Why Values Matter

What we do is important but how we do it matters more.

A start-up once engaged me to get its form, functions and governance frameworks designed and running smoothly.  Part of the process involved creating a strategic plan to which the Board could hold itself and management accountable.

Agreeing the vision, mission, goals, targets, budgets, lines of authority, responsibility and accountability ran as smoothly as such things can when a diverse team is hashing out the potentially thorny issues of where it wants to go and how it ought to get there.

Then we hit a speed bump.

The CEO didn’t believe aspirational values matter.  For him, ideals that speak to who we desire to be look pretty on paper but are rarely lived out by people.

He struggled to understand how they could be incorporated into work plans and every-day routines in ways that would make a measurable impact on his company’s bottom line.

Better, he felt, to leave them out.

In some ways, he wasn’t wrong.

It takes courage, self-awareness and disciplined leadership to live out aspirational values, particularly when people have diverse backgrounds and worldviews.

A Shared Vision Isn’t Enough

It’s necessary to check constantly to see whether what everyone is doing lines up with the ideals the organisation says it embodies.

People can share a vision but differ on the best strategy to achieve it.  Aspirational values help sift and sort strategic decisions so the organisation stays true to its guiding spirit even under extreme pressure.

Events, situations, people, the universe itself will test us to see whether we are what we say we represent.

If we’re not prepared to align everything we do with who we say we are, we shouldn’t stress aspirational values at all.

Whether positive or negative, values are the ideals to which we become attached. They’re what we do because of who we are, guiding our behaviour even when no one is looking.

Not Who We Used to Be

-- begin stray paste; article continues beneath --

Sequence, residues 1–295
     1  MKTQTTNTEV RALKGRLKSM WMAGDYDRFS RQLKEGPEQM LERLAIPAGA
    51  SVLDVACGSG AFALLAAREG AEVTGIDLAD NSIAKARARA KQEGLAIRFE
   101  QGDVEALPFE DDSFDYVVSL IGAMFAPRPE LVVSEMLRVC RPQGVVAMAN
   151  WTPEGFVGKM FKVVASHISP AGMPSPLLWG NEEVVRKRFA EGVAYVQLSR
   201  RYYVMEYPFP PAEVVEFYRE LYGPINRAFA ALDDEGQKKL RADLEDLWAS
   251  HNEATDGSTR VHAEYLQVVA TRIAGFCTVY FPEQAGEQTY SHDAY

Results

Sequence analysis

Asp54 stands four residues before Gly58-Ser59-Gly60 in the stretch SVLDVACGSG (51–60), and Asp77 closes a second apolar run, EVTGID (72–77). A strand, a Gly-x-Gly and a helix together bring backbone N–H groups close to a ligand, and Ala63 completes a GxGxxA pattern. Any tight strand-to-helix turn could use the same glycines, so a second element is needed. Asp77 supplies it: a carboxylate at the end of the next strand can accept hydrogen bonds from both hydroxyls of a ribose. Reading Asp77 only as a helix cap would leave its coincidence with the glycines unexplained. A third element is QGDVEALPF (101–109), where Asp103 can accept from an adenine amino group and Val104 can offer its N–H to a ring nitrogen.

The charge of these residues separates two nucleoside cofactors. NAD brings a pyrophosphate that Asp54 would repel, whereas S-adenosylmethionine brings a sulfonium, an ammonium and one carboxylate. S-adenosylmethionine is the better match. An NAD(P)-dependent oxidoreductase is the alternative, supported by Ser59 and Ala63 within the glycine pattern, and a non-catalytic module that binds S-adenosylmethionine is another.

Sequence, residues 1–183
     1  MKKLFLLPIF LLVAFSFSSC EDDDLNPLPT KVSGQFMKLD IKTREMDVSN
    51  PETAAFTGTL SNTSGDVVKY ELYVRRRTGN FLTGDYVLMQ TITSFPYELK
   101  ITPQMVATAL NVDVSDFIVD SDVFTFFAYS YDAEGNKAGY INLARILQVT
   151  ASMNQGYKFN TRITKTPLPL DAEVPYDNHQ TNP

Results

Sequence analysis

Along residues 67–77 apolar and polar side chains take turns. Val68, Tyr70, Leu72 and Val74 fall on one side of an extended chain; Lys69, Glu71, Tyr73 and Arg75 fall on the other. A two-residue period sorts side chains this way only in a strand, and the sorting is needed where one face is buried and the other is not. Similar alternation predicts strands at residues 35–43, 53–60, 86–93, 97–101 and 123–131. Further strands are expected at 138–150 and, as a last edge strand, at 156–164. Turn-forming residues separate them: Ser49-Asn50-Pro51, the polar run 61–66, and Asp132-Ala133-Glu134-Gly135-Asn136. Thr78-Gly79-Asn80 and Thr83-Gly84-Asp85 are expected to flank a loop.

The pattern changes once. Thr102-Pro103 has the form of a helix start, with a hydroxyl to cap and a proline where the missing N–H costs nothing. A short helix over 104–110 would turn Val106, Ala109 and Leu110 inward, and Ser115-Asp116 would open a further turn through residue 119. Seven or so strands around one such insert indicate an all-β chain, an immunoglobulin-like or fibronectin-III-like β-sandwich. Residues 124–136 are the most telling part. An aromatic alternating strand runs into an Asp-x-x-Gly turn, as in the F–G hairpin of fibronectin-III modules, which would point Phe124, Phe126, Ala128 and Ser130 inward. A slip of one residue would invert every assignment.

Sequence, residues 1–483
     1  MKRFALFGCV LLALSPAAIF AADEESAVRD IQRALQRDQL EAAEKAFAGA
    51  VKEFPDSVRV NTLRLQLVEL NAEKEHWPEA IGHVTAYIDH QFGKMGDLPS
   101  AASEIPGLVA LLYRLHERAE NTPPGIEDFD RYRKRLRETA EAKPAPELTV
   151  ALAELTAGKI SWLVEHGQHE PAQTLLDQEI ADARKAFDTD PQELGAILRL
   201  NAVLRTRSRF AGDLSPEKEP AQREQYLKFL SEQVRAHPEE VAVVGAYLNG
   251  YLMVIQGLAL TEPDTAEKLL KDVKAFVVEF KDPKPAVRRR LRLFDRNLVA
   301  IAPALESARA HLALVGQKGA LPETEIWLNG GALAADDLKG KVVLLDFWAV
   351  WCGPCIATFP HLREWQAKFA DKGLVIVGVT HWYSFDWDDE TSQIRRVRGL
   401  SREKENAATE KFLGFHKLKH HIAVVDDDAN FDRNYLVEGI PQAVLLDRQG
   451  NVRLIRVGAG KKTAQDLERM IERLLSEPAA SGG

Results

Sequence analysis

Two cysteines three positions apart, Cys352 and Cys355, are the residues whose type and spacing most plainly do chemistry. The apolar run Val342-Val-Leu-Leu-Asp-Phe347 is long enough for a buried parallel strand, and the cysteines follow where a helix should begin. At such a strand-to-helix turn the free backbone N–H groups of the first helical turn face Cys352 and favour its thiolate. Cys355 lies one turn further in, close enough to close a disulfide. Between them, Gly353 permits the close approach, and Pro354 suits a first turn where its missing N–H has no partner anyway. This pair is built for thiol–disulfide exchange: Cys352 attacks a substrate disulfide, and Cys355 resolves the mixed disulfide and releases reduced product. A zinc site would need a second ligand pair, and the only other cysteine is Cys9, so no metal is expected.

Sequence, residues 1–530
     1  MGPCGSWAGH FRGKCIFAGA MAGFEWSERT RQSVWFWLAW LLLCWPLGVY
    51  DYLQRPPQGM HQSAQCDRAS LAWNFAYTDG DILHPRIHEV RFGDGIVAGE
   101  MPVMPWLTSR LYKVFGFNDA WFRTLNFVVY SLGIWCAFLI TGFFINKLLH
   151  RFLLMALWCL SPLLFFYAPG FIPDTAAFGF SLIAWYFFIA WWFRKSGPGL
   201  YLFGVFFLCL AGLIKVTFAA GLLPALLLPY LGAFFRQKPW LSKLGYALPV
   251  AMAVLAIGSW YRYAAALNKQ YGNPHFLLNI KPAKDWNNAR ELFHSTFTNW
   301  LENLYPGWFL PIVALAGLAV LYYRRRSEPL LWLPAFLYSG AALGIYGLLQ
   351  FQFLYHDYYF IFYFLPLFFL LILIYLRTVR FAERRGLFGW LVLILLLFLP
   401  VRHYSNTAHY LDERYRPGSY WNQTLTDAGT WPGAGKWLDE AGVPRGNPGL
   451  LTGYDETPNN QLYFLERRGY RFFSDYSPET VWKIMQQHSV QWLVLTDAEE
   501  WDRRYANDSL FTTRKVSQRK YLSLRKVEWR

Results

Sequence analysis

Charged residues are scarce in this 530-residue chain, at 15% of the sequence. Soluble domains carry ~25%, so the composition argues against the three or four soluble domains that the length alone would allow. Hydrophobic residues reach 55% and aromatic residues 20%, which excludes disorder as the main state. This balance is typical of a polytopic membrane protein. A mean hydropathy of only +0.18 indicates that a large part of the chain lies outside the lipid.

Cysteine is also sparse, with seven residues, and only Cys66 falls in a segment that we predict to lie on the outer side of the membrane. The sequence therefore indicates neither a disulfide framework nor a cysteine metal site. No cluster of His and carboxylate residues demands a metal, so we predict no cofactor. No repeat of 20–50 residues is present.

Values reveal the things that find a home in our hearts.

That’s why they’re so vital on any journey of transformation.

Though we might not yet be who, what or where we say we want to be, aspirational values give us a target to aim for, especially when things aren’t easy, particularly when we stand alone.

The Caribbean is steeped in colonial traditions that institutionalised a multitude of demeaning and destructive values.

One Treasure Limited

They won’t go away simply because we invest in cutting-edge technologies or invoke pretty words on a page. 

If we say we want digital transformation, we must start by embodying empowering values that show we are not who we used to be.

The question is, “do our aspirations matter enough to us to live them out even though it means confronting in ourselves and in our behaviour the shadows of a painful and demoralising past?”

We won’t transform anything for the better until we have mastered the art of transforming ourselves.

And when we’re in doubt about our choices, when questionable voices compete to influence our decisions and direction, when our original intention seems lost amid the clamour, values are the compass that will always keep us pointed to our True North, pointed towards home.

More to explore

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They say it’s not what you know but who you know that counts. Neither idea could be further from the truth …

Why Values Matter

What we do is important but how we do it matters more. A start-up once engaged me to get its form, functions

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